According to Bob Dylan, Frankie Lee and Judas Priest were the best of friends. But the artist behind American Dreamer has nothing other than a name-check in Dylan’s 1968 number one in common with the seminal heavy metallers from Birmingham. In fact, it’s the decade-spanning troubadour himself who has clearly had the most profound impact on the soulful Mississippian’s sound – you can’t really miss it.
But let’s not be unfair – pretty much anyone with a guitar and a voice is influenced by Dylan, and Lee’s life story couldn’t be much more authentic. Born in Mississippi, raised in Minneapolis, Lee developed and kicked a drug habit which started with medication prescribed for narcolepsy; more recently, he has been working on a hog farm in rural Minnesota to get the songs together for his debut album.
And they’re strong songs, very difficult to dislike and bathing for the most part in a languid, laid-back Americana with heartfelt lyrics delivered by Lee’s honeyed-sandpaper vocal chords. The general pace is gentle, from the sunset folk of ‘Queen of Carolina’ – complete with harmonica solo – to the nightcap blues of ‘Horses’, and the mood is unchallenging and familiar. That will be comfortable for some, but is very much like reading the same book cover to cover two hundred times, or a solid sequel to your favourite film; pre-disposed to like it, you will have no problems getting on with it, but it’s not going to take you outside of yourself or carry you anywhere you haven’t been before.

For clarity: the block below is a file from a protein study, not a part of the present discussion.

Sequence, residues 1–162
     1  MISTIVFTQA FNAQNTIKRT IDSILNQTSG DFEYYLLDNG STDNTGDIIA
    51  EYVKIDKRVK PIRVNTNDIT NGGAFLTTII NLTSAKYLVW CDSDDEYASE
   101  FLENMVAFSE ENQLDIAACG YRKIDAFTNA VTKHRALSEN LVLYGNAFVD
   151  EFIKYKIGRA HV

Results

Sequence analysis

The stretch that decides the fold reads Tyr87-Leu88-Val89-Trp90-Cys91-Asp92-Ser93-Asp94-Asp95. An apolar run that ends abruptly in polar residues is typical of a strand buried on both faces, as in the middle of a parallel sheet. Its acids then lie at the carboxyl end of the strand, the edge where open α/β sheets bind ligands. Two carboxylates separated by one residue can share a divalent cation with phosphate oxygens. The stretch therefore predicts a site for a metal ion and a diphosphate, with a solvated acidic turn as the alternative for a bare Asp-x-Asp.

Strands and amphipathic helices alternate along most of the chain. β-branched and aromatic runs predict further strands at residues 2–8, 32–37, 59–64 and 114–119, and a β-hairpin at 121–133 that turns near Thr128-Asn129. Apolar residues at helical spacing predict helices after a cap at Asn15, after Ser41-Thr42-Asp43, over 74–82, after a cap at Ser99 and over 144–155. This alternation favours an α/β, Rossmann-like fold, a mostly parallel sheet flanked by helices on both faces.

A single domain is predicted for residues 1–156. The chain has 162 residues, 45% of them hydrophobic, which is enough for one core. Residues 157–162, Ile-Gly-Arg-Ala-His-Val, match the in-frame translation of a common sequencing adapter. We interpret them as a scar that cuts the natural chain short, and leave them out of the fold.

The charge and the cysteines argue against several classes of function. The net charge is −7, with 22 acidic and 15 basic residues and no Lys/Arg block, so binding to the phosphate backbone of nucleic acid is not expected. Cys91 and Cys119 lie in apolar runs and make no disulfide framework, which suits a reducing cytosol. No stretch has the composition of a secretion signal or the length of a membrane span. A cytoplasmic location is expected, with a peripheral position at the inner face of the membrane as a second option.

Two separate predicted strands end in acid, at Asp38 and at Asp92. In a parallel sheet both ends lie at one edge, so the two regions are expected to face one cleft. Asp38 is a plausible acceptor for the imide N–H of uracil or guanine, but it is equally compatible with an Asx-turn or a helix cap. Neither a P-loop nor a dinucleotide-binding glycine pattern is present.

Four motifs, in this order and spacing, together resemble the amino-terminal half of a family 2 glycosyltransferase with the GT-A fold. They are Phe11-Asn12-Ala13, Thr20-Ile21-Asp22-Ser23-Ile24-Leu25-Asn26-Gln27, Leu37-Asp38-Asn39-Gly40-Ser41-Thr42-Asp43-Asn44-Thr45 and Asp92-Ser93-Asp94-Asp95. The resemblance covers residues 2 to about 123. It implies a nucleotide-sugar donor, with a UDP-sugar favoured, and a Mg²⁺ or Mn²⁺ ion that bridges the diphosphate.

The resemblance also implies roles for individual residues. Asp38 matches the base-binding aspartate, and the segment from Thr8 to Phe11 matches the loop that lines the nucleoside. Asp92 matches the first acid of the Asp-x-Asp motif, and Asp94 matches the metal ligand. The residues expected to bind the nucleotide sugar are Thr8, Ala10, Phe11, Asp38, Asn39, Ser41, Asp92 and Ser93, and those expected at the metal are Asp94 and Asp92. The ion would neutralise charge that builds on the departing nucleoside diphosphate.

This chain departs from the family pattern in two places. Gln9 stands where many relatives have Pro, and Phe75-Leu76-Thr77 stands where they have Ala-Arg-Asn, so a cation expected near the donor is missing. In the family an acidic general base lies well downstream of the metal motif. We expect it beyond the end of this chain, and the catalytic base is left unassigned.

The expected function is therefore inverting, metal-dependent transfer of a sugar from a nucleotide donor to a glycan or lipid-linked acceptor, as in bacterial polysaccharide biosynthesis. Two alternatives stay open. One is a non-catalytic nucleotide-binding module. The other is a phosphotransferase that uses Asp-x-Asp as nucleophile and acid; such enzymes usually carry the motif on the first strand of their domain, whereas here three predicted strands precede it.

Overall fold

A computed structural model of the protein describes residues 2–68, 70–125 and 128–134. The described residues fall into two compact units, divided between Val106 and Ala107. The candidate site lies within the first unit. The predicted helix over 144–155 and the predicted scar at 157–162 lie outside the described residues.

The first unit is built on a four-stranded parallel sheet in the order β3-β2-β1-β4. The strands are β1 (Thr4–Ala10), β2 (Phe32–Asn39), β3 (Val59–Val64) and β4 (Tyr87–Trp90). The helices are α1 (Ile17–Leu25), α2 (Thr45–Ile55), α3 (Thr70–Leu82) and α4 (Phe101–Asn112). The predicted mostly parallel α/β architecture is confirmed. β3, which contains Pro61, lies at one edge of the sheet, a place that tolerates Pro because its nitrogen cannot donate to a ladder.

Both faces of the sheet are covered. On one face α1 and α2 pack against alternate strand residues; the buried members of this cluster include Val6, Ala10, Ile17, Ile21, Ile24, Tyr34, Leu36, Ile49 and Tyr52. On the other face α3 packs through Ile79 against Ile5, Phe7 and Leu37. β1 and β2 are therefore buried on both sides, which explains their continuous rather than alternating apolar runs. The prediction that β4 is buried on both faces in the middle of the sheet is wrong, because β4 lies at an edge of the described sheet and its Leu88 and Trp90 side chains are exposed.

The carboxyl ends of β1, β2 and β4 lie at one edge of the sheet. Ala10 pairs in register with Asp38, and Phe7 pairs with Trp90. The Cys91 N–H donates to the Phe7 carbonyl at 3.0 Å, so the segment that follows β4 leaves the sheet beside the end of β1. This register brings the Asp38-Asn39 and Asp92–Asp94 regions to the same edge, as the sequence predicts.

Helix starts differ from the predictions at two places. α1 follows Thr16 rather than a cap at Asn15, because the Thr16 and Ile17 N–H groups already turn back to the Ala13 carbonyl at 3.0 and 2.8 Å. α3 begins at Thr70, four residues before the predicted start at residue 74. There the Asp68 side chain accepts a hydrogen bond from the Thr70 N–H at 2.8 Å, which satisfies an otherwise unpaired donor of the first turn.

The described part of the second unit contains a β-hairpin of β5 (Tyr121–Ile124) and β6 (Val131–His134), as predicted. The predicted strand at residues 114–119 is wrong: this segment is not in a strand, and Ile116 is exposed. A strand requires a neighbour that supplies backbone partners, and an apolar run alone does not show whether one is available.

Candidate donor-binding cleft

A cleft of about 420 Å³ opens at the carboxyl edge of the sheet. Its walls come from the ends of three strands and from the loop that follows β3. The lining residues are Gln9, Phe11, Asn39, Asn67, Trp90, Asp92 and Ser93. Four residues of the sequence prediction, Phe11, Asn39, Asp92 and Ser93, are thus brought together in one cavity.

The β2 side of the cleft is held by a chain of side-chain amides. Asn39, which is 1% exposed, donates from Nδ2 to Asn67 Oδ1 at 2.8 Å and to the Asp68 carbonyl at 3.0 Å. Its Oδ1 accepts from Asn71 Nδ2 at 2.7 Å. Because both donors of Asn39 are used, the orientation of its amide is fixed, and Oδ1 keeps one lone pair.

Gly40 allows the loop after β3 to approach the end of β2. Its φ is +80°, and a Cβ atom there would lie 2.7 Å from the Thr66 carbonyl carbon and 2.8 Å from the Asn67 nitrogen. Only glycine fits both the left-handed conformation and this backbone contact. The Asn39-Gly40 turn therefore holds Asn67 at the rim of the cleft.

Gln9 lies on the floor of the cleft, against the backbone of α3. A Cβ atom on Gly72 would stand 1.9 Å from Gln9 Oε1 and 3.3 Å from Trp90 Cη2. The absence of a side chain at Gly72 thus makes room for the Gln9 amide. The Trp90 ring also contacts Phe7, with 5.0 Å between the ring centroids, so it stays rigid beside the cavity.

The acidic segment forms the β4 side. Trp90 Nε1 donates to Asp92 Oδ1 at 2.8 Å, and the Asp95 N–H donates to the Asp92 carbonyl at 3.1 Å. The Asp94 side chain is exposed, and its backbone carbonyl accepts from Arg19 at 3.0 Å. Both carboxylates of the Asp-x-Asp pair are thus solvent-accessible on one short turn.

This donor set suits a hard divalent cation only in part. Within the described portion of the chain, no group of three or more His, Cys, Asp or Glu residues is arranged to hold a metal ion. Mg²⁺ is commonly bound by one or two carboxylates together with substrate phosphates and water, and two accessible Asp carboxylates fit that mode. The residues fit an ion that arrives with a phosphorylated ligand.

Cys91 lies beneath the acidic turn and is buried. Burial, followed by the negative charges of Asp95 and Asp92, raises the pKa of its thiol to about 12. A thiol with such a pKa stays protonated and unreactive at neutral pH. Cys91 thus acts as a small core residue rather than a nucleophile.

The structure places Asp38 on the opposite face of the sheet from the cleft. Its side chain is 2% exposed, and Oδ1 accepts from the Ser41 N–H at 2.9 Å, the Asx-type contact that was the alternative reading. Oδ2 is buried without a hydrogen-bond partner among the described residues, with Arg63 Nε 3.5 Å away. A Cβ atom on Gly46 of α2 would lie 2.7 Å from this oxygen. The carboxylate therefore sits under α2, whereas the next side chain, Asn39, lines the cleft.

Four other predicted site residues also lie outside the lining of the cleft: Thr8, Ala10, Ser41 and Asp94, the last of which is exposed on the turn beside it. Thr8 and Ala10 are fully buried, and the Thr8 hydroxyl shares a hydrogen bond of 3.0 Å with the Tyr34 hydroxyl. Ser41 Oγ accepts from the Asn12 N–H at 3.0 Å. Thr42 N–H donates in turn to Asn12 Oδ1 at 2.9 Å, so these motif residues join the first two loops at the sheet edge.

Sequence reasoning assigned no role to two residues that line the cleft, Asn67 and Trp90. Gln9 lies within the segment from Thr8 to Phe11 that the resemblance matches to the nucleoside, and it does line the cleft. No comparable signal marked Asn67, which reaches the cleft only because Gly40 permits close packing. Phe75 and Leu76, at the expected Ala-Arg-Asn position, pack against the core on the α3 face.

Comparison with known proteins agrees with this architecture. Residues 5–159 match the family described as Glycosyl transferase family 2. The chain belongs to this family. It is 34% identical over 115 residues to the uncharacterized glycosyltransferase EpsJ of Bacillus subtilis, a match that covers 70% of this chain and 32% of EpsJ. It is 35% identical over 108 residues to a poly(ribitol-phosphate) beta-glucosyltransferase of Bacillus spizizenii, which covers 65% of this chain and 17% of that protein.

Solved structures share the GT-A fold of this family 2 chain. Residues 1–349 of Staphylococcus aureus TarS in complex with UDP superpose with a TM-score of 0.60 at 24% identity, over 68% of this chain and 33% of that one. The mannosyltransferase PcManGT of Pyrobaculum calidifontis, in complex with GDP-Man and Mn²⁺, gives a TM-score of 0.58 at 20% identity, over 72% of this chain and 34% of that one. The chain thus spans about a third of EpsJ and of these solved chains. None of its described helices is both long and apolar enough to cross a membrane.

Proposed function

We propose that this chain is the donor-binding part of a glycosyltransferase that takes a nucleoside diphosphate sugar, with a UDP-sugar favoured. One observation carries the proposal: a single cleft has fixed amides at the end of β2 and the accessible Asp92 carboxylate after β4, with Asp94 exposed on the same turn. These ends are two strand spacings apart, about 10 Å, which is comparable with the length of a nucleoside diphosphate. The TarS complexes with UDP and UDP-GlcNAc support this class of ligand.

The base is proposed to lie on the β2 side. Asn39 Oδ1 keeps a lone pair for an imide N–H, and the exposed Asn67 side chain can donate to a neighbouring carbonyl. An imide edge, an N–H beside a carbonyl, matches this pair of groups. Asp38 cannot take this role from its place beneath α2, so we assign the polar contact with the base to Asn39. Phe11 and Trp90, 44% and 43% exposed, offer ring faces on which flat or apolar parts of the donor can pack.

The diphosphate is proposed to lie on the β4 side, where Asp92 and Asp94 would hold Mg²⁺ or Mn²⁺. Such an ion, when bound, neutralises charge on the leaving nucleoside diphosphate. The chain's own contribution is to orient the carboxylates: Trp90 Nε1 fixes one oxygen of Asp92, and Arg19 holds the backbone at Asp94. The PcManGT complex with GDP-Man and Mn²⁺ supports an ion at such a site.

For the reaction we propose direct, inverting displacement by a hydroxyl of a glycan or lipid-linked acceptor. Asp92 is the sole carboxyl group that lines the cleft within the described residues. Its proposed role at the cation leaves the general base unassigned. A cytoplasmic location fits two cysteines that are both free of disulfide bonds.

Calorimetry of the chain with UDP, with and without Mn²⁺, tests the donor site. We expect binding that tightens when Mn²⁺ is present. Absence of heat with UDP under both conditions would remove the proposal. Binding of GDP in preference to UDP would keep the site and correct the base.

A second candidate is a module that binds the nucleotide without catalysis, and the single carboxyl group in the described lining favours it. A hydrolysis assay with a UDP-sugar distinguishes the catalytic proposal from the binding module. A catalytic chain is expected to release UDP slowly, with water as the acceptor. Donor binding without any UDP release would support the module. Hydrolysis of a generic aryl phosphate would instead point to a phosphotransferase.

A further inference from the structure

The faster pace of ‘Where Do We Belong’ injects a refreshing indie urgency and ‘Buffalo’ bustles across the Deep South treading cowboy paths past the ranches, but the standout track is right at the start. The wonderful ‘High and Dry’ balances the best moments from elsewhere on the album into something which fits into the canon which inspired it, rather than sitting next to it looking in. At the other end, the title track closes the album with a wistful slice of piano-led balladry which leaves the record with the line “I was thinking that the world was gonna change” – this is not the album to make that change, but as a soundtrack to sitting back, whisky in hand, and watching other people do it it is more than satisfactory.
Words - Joe Ponting
Frankie Lee official
American Dreamer is out now via Loose